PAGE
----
Greens comfortably retain Melbourne as voter dial barely budges

Greens comfortably retain Melbourne as voter dial barely budges
David Schout

The Greens’ Ellen Sandell has been re-elected as the Member for Melbourne, securing a third term at the November 26 Victorian election.  

Ms Sandell is set to pass over a decade in office this term, after comfortably retaining the seat she first won in 2014, this time against Labor challenger Rebecca Thistleton.

While just over half of votes across Melbourne had been counted at the time of publication — made up of the election-day votes at 13 voting centres across the seat — early indications suggested a strong swing to the Greens after preferences were distributed.

However, in terms of first preference votes across Melbourne, the dial barely budged.

Despite the city undergoing considerable change since the last election in 2018 and facing particularly tough periods as a result of COVID-19, voters largely stuck to their guns from four years ago.

From the early numbers, the Greens’ primary (or “number one”) vote dropped slightly, from 38.9 per cent to 37 per cent.

Labor suffered somewhat of a hit, dropping from 35.9 per cent first-preference votes in 2018 to 30.8 per cent, while the Liberal Party vote remained largely the same, with candidate George Palackalody receiving 17.6 per cent of the overall vote (up slightly from 17.1 per cent).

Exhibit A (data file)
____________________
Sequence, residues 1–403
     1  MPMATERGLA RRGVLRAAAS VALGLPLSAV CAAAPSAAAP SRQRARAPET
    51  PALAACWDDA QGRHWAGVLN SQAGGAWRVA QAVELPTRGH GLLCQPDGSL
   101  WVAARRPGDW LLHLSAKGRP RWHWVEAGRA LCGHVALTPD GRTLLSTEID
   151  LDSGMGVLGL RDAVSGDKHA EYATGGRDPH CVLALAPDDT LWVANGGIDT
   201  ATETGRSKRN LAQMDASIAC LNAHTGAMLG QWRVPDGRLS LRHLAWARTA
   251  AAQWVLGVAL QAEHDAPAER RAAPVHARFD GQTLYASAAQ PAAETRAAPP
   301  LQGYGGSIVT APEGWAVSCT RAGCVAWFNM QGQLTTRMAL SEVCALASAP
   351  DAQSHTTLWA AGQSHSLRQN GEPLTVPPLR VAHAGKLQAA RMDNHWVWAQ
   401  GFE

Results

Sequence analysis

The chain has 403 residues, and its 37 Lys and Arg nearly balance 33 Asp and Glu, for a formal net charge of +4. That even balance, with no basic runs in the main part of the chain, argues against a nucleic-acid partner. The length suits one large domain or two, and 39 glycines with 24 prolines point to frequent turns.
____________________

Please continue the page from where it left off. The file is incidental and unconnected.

Colleen Bolger from the Victorian Socialists, which did not field a candidate in 2018, received the fourth-most first preference votes, at 5.7 per cent. 

These figures, of course, could shift slightly when all early, postal and absentee votes are counted for Melbourne. 

Around 45 per cent of enrolled voters in Melbourne did not cast a vote on November 26, reflecting the wider shift to early voting.

Ms Sandell, the Victorian Greens deputy leader, took to social media after the victory to thank those who voted for her, and pinpointed the three areas she would continue to push the Labor government to go “further and faster” on.


“Thank you, Melbourne. It’s an honour to be re-elected as your MP for another four years,” she said. 


“To the voters of Melbourne, thanks for putting your faith in me, I look forward to working with you to get stronger action on climate change, housing and integrity.”

Ms Thistleton, a Kensington resident and former journalist who, like Ms Sandell, is a mother of young children, sent her congratulations to the now three-term Melbourne MP.

“Wrapt and relieved that hope, positivity and action won over hate,” the 37-year-old said on Twitter.

“I’ve loved campaigning, our little team put in a mighty couple of months. Well done and all the best to @ellensandell who has held Melbourne — hope you enjoyed spending today with your kidlets as much as I have.”

Ms Sandell responded: “Thank you Rebecca, and well done to you and your hard-working team. It was a pleasure to campaign alongside other strong women! Thanks for putting up your hand, it takes courage, but our democracy relies on people being willing to do it, and democracy is a precious thing!”

Ms Sandell told Docklands News that she was grateful to the people of Melbourne for re-electing her, and that she was "energised to continue to work hard to get results on local issues that matter to our community, as well as on state-wide issues like climate change, housing affordability and integrity". 

"I’m heartened that the people of Melbourne have elected me with such a positive margin. I hope it’s a sign that our hard work standing up for our local community and their values is recognised, but it’s not something I’ll ever take for granted. I’m ready to keep doing the hard work to make a positive difference," she said.